Genetic diversity and primary drug resistance transmission in Mycobacterium tuberculosis in southern Mexico

Infect Genet Evol. 2021 Jul 7:104994. doi: 10.1016/j.meegid.2021.104994. Online ahead of print.


Tuberculosis is a global human health threat, especially in developing countries. The present study aimed to describe the genetic diversity of Mycobacterium tuberculosis and to measure the transmission rates of primary and acquired resistance. A total of 755 M. tuberculosis isolates from a cohort study of patients with culture-confirmed pulmonary tuberculosis in Orizaba, Veracruz, performed between 1995 and 2010 were genotyped by the 24-locus mycobacterial interspersed repetitive unit-variable number of tandem repeats (MIRU-VNTR) method. Drug susceptibility was determined. Logistic regression models were constructed to identify the variables associated with resistance and clusters. The recent transmission index (RTI), the Hunter-Gaston discrimination index (HGDI) for the MIRU-VNTR test and allelic diversity (h) were calculated. The Haarlem and LAM lineages were the most common in the population. A total of 519 isolates were grouped into 128 clusters. The overall drug resistance rate was 19%, isoniazid monoresistance (10%) was the most common, and 3.4% of the isolates were multidrug resistant. Among the 116 isolates resistant to at least one drug, the primary and acquired resistance rates were 81.9% and 18.1%, respectively. Primary resistance was associated with belonging to a cluster (aOR 4.05, 95% CI 1.5-11.2, p = 0.007). Previous treatment history (aOR 9.05, 95% CI 3.6-22.5, p < 0.001) and LAM lineage (aOR 4.25, 95% CI 1.4-12.7, p = 0.010) were associated with multidrug-resistant tuberculosis (MDR-TB). The RTI was 51.7%, and the 24-locus MIRU-VNTR HGDI was 0.98. The alleles with the greatest diversity were 4056-QUB26 (h = 0.84), 2163b-QUB11b (h = 0.79), and 424-Mtub04 (h = 0.72). Primary resistance transmission, high LAM lineage prevalence and its association with MDR-TB represent public health problems. The implementation of molecular tools is needed to improve the existing control surveillance tuberculosis program.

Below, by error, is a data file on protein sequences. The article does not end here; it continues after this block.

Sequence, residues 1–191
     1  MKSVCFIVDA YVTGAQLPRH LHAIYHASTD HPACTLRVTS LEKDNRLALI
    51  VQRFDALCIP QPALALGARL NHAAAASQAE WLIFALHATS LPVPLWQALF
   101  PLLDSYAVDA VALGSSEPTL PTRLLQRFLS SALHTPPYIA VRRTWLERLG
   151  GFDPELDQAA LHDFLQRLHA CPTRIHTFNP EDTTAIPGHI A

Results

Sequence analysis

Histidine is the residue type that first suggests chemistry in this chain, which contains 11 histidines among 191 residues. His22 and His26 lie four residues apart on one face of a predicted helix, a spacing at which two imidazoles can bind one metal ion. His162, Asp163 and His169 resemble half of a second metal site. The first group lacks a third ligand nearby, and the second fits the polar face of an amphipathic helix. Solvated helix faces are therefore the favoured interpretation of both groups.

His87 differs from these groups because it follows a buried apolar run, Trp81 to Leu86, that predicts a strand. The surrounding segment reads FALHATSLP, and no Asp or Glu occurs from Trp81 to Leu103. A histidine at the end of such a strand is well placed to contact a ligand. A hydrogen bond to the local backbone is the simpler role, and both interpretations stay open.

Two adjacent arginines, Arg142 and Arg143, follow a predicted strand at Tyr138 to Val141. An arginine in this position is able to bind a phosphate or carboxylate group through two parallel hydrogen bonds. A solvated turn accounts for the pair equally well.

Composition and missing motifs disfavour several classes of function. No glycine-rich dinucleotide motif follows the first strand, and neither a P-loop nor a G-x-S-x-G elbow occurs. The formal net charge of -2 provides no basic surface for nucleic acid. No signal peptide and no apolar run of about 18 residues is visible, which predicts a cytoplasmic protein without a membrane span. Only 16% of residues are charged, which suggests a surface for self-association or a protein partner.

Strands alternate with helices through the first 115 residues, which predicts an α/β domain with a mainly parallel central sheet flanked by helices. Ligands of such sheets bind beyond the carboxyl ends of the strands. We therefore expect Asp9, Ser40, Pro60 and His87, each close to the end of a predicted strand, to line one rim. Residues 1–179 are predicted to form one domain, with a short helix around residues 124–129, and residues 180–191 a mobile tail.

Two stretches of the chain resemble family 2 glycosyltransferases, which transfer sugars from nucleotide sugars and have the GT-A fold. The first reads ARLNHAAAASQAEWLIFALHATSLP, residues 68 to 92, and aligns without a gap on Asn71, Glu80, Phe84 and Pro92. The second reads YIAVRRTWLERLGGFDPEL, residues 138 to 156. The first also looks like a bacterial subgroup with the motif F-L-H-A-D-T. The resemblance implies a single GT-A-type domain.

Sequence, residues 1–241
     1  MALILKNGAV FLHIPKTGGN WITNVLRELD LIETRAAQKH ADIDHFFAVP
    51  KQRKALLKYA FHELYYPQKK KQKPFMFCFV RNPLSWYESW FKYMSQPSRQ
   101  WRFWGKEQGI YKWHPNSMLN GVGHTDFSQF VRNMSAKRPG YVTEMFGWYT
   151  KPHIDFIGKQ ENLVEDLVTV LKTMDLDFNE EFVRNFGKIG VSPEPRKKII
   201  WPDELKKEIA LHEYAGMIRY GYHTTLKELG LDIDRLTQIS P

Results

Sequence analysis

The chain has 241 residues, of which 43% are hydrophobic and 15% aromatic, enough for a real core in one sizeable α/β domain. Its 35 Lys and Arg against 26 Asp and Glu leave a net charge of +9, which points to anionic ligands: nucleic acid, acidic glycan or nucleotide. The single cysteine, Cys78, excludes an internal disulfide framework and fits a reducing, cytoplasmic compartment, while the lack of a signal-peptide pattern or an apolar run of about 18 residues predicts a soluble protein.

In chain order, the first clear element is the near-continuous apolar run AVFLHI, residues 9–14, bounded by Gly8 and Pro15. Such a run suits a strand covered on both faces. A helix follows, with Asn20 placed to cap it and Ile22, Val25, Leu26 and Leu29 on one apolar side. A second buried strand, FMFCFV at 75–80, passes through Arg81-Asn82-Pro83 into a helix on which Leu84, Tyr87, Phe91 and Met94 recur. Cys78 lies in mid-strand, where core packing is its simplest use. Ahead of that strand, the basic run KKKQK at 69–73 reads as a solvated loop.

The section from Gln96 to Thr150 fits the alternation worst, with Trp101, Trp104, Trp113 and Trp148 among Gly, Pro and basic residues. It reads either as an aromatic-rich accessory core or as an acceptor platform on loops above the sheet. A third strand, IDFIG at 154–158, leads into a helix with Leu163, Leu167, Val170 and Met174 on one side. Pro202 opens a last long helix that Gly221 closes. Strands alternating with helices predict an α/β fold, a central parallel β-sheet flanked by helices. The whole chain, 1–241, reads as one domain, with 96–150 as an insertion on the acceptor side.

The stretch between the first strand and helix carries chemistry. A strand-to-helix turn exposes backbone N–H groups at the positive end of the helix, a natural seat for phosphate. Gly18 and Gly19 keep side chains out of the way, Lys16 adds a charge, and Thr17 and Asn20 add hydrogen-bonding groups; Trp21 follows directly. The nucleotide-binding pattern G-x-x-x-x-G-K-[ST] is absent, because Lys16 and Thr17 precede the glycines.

PMID:34245908 | DOI:10.1016/j.meegid.2021.104994